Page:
So for those who have been following on, Roy Metcalfe provided me with photos (available here) of the 1968 BR1 Catalogue. Quite honestly, this has been a torturous process. There’s something like 109 pages to get through (and I’m only on page 15 or so).
Let’s have a look at what we’re dealing with.
and for comparison, here is a screenshot of the spreadsheet (actually, it’ll be a CSV), that I’m transcribing to.
I will admit, I have been slightly scarred by the process I went through with the ADM8 Database. Specifically, the way that I’ve redesigned the database *twice* in order to fix surprises that I’ve found as my friend Larry and I have been doing the transcription of the documents. (In truth, Larry’s been doing the transcription, I’ve been doing the coding and checking and other things). One of the issues is we’ve had to change the transcription interface a few times, in order to make it work. Mostly because I didn’t read through the entire series of documents first to make sure there wouldn’t be any surprises. You’d think I’d learn from that mistake.
Well, not so much. Thankfully, the issues are going to be more limited since this time I will actually be transcribing everything before I create the database. So hopefully I’ll avoid some of the mistakes there. I also intend to transcribe the 1970 and 1972 versions as well.. so, well, first contact with the enemy and all that. We’ll see what happens.
But as I’ve been going through this process, some realizations have come down. I was going to talk about a list of issues, but I’ve realized.. those details don’t really matter. It’ll be better to talk about approach, philosophy, and flexibility.
These are the things that are needed when doing manuscript transcription projects and you realize that:
The manuscript you’re transcribing will have mistakes, and inconsistencies. These will muck up your ideal system. That’s okay. And you should include the mistakes when possible, and flag them when possible.
For me, for this project the big one is that the Admiralty is not consistent in the way that BR numbers are assigned. The BR number is often followed numbers in parentheses. These could be volume numbers, or part numbers. Sometimes, Volume is in the “main” title, and the bracketed numbers are parts. Sometimes there are amendments, which are notated differently. Sometimes the BR numbers are accompanied by letters. Sometimes there is a combination of numbers and letters. The one that really gets me, frankly, is when it’s say BR 217 (3)(A) and then title is XYZAB Pt 1 Some Title – so you have that mix of things and it’s just inconsistent and I wish somebody who was neurospicy like me had been able to exert some kind of influence- some kind of consistency.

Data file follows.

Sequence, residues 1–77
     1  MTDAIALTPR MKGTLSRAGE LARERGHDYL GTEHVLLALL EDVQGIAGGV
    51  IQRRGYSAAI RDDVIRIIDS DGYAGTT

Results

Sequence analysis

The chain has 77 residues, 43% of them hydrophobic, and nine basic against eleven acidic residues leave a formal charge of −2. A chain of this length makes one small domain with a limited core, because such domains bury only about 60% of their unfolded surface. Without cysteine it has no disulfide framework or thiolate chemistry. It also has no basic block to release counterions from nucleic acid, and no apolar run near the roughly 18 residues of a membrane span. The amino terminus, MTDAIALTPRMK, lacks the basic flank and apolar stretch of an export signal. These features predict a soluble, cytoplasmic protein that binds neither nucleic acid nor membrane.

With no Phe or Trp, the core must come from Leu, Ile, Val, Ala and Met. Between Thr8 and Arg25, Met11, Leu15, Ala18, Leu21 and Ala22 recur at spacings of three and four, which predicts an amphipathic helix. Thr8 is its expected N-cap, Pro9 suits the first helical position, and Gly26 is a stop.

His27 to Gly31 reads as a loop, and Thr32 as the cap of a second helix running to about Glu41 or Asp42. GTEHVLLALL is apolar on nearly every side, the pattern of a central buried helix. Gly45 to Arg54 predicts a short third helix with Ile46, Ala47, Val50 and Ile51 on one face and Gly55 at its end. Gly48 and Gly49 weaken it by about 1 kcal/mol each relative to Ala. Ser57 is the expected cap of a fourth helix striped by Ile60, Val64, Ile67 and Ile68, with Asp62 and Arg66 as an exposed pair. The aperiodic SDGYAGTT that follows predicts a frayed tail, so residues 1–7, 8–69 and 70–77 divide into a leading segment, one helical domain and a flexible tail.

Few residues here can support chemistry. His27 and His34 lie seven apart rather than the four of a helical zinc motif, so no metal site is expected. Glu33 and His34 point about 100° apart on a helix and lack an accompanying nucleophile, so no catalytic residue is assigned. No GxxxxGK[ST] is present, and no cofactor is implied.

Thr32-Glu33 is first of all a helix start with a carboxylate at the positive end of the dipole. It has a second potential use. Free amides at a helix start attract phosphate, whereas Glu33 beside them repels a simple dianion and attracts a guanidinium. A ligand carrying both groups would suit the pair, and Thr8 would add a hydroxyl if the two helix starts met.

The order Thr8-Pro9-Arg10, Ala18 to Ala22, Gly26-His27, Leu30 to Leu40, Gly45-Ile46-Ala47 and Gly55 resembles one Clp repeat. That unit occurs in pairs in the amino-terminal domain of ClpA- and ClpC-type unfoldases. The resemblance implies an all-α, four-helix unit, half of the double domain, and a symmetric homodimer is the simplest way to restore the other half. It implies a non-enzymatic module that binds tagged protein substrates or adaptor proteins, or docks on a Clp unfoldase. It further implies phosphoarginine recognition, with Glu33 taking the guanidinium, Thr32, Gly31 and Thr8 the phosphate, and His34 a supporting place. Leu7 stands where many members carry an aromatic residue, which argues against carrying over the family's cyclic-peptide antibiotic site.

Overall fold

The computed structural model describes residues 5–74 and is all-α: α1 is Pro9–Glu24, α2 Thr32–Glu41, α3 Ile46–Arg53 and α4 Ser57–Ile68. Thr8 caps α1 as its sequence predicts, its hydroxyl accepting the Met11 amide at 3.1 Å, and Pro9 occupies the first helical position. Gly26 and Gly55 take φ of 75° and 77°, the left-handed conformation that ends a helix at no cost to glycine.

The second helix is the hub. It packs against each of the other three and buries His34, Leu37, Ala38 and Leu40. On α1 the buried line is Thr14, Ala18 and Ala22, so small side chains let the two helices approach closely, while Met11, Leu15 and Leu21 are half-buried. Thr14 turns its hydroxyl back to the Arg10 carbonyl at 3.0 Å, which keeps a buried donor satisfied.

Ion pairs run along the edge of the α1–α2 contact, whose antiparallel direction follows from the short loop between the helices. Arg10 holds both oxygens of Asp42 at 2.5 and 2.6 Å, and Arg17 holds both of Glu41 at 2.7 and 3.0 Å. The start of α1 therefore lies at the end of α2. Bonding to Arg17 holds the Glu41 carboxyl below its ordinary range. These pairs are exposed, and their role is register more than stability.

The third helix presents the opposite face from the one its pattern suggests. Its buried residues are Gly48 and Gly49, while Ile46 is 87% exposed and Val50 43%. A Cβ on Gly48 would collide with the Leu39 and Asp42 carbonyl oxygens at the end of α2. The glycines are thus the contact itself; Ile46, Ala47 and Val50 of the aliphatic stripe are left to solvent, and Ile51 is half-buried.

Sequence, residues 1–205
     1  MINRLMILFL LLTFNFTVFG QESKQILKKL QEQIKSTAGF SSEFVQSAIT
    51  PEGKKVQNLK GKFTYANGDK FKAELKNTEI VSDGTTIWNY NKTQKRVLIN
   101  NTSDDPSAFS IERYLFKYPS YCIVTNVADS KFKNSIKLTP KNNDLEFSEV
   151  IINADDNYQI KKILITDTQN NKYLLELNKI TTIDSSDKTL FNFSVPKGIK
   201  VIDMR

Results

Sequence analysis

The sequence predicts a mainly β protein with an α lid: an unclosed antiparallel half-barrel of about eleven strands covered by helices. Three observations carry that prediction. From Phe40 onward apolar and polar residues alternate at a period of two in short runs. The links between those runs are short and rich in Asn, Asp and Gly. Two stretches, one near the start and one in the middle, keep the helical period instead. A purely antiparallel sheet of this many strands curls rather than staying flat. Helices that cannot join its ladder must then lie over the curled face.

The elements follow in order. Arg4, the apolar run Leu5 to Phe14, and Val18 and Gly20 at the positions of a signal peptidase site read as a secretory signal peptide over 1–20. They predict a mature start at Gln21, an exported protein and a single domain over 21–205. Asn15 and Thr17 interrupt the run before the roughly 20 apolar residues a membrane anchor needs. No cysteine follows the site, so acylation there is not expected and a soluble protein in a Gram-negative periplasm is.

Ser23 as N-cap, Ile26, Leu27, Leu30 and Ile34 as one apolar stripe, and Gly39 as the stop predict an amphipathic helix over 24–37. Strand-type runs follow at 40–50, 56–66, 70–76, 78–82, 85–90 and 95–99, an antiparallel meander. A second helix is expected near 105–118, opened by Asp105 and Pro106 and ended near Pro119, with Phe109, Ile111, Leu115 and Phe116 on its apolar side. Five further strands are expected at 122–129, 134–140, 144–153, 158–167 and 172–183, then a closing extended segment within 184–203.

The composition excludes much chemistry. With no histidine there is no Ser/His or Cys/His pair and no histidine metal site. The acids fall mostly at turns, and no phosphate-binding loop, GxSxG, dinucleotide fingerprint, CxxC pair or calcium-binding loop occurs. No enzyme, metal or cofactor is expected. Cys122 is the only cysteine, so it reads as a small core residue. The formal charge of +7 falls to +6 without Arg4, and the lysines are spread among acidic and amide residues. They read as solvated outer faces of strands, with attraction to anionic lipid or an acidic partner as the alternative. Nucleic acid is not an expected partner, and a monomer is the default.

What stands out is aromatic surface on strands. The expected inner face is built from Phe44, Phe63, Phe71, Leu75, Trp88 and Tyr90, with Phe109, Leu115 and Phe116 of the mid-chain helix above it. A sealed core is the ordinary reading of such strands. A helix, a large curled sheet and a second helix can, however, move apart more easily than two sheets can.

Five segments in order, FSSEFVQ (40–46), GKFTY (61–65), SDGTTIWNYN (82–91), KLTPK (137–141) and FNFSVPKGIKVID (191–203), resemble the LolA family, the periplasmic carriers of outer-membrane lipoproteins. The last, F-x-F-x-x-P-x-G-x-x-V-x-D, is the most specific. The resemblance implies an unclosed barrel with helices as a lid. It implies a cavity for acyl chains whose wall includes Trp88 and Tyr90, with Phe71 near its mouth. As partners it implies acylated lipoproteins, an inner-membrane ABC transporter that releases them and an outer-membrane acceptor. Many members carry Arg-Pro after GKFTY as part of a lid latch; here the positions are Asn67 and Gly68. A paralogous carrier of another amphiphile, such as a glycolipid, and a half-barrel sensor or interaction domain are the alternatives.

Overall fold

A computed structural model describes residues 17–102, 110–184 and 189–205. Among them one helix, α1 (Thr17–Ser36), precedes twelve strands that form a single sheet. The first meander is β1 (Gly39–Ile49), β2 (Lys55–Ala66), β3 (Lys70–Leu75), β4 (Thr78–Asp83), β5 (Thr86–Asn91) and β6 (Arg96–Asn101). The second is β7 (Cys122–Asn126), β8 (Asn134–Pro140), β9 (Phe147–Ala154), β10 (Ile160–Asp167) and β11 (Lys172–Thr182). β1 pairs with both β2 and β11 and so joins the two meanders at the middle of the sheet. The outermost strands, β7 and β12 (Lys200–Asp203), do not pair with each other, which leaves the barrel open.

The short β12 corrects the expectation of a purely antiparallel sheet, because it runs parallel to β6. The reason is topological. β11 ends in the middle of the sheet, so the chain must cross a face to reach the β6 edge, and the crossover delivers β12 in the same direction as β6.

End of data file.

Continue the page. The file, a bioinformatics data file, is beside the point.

One of the issues is that a database- to get the full use out of the structure of the database and the possibilities of queries, it’s important to get as much data out of each and every single entry as possible. And then you want to make sure that you’re able to differentiate between volume numbers, part numbers, amendment numbers so that you can easily pull all the records, and be able to easily differentiate between the different categories. The problem is that sometimes, it is not clear from the records what is what. But that’s an ongoing issue and the truth is things can be fixed if there is later clarification, even in a live database (thankfully for the ADM8 Database, it’s always possible to go back and fix mistakes)
As a person who is neurospicy, I find this extremely frustrating. So much so that I have to put things down sometimes, and just change the spreadsheet on the fly. My hope is by the time that I’ve finished transcribing the 1968 one, that the framework will have settled down and that the uploading to the database will be relatively straight forward- hence when I’ve got the suffix column and I’m trying not to worry about volume number sometimes.
Now, just a few other updates.
First of all, thank you to Clive Richards, who has been able to sort me out re: RAF and Army frameworks for publishing documents. The short version is: the RAF basically had a system very similar to the RN.
AP – Air Publications- which by the 1950s had both unrestricted and Restricted volumes. Thre were also the SD and CD levels- which I’m guessing correspond to the Admiralty’s CB (Confidential Books) and SP (no idea) levels. I’ve had a rummage through the Discovery (Kew) Catalogue, and while I’ve not been able to have much of a look yet- there are some things that can help me put together some kind of context for the Admiralty’s publications based on what I’ve seen also in the search results for OU and BR holdings. Another tidbit from Clive is that just after the FWW, the RAF also had the FS series- which he described as “Inherited from the Army”. This has led to another search. Likewise, Clive mentioned the existence of WO 279 “Confidential Print”. Unfortunately, I’m not sure what the War Office/Army used to denote their lower or higher levels of confidentiality, but it’s a good start. I fully intend to email the National Army Museum and the RAF Museum to see if I can get some basic numbers from them. It turns out the AP Catalogue (Air Publications) are held at Kew, so I’m probably going to pay for somebody to take photos of that for me as well, to do the comparisons. And more comparisons.
Also, I have now found out that Kew holds two further BR1 catalogues- 1970 and 1972. I have made the insane decision to get somebody to take photos for me and I’m going to transcribe them into the database as well (this really makes the database worth it) and we’ll be able to chart differences over that 4-6 years.